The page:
Until 1801, close to the point from which this picture is drawn, stood a cross which was called the 'Hen Cross', around whose foot on market days were exposed for sale all sorts of country produce, such as butter, eggs, and poultry; this market being much frequented by housewives was nicknamed the 'Womens Market'.

On the left side of the picture is a row of shops, known as 'Cheapside', which was called 'Rotten Row' from 1666 to 1810. Cheapside, of course, simply means 'the side of the market', for the old name for market was 'Chepe', a name which has come down to us in the many 'Chippings', such as 'Chipping Camdon', which are scattered about the modern map of England.

The other side of the picture shows us a row of houses now called the 'Poultry', but better known in olden times as 'Cuckstool Row' because the Cucking-stool was kept there. This dire implement of torture was used for correcting scolds. To its seat were firmly strapped the good ladies who were unable to control their tongues, and they were ducked until they became unconscious. It is not known where this rite was actually carried out, but there was a horse pond somewhere in the Market Place, and it seems probable that it would be the site of the ceremony.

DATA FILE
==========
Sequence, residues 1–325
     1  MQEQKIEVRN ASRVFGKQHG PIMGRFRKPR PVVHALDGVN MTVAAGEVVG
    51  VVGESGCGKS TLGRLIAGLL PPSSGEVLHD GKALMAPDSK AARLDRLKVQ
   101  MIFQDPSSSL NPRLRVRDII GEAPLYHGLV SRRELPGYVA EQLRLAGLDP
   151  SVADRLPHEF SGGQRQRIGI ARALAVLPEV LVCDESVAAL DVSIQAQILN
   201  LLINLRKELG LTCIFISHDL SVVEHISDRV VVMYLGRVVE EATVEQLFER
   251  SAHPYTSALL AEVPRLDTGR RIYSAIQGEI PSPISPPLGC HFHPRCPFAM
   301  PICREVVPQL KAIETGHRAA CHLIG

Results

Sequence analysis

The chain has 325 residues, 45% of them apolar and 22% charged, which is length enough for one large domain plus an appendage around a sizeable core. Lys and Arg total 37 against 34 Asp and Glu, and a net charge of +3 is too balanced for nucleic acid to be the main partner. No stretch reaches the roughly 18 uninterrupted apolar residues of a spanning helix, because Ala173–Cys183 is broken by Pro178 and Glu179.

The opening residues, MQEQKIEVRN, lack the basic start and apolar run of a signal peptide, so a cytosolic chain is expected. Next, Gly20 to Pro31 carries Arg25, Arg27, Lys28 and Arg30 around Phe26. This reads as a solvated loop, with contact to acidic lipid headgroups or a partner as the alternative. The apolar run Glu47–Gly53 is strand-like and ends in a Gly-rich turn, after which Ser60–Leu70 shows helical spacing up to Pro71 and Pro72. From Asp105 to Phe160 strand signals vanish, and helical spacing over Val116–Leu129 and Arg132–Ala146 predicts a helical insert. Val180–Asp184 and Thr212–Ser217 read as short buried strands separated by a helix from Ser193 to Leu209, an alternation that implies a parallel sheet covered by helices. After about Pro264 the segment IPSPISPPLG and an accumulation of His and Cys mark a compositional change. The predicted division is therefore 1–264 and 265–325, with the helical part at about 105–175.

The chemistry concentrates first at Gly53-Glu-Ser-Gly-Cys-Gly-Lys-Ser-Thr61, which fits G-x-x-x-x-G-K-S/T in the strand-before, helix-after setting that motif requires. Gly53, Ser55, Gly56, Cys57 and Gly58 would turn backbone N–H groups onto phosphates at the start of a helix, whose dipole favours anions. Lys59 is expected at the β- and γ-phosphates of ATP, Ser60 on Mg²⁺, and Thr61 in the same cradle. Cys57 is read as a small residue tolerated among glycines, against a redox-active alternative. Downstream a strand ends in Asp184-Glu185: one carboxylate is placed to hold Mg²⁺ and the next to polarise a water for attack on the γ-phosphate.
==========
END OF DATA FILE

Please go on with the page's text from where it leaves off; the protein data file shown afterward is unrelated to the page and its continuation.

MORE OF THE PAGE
Modern necessities have destroyed some of the beauties of the Poultry, but this picture fortunately retains them for us. The house, at the extreme right of the picture, with the bow windows (which were the last ancient bow windows in Nottingham) is the traditional house of the Earl of Mansfield, who was so much associated with the accession of William and Mary, and it was refronted after the Restoration. The adjoining building was the tenement of William Babbington, Esq., whose family name brings up tragic memories of the romantic acts of Anthony Babbington in his efforts to save Mary Queen of Scots.

Opposite the lamp post shown on this side of the picture is a low two storied building in which Henry Kirk White the poet was born on the 25th March, 1725, and close to this lamp post is the one remaining example of the ancient posts which carried the projecting upper stories for which Nottingham Market Place is famous.